Although I initially chose to edit the Thelonious Monk Wikipedia page because researching a subject my grandma had once interviewed made me feel connected to her, I had different reasons for making the specific edit that I did. After reading the introduction of the aforementioned book, I realized that information was missing in the “late years” section of his page. His wife Nellie was nowhere to be mentioned, even though she was a primary companion throughout his life. Driven by the knowledge that women are often marginalized in this online community, I was in disbelief that someone so important in his life had failed to even garner a mention, let alone any kind of acknowledgement of her role. Thus, my edit served to add the second sentence of this paragraph:

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Amazingly, my edit has stuck so far. Although it may seem like an insignificant tidbit of information, it feels like a small victory. Going into this project, I was intimidated to enter the Wikipedia community because of what I read in Sue Gardner’s blog post “Nine Reason Women Don’t Edit Wikipedia (in their own words).” She lists as reason #5: “Some women don’t edit Wikipedia because the information they bring to Wikipedia is too likely to be reverted or deleted.” Immediately, I began to worry that my gender would be an obstacle that could potentially make any attempts at editing fruitless endeavors.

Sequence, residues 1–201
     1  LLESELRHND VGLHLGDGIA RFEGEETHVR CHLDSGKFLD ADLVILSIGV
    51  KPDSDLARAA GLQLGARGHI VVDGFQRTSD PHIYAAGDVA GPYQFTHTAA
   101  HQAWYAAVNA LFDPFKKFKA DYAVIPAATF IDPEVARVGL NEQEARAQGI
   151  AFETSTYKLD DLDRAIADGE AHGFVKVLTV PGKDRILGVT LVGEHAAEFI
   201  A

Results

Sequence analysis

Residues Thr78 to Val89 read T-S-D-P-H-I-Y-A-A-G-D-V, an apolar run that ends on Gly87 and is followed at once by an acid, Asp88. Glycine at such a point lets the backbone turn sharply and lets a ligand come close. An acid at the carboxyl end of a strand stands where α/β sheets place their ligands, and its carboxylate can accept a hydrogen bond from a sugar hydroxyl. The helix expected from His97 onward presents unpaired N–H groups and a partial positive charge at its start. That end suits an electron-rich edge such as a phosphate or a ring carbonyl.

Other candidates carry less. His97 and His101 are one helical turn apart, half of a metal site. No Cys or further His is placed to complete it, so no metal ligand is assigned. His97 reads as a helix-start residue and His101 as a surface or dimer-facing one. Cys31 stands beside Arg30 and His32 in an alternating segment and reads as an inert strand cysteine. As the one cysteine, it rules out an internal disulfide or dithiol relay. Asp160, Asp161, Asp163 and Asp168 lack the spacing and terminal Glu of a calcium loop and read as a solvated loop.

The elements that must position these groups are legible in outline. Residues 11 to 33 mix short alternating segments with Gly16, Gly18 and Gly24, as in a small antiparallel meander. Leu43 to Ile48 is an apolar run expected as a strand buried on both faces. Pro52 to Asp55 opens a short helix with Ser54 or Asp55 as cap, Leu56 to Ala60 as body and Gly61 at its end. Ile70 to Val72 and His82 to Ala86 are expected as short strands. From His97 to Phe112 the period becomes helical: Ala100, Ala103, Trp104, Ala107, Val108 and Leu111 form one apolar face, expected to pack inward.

I began by coming up with a list of three potential editing ideas and then whittled it down to one: Thelonious Monk’s page. When I discovered that Nellie had been a constant companion in his later years but had received no mention, the feminist in me went on high alert. This was a person with whom Thelonious Monk had one of his closest relationships, and yet she did not receive any acknowledgment of her importance. My mission then became to create an edit that would appease my inner feminist by giving Nellie a mention, while not ruffling the feathers of any other Wikipedia editors. I had to be cognizant of the wording I used; I tried to craft a sentence in which I could introduce Nellie without trying to suddenly make the article about her or revealing my personal feelings. I made sure to include a citation for The Thelonious Monk Reader so that no one could argue that my claim was unfounded.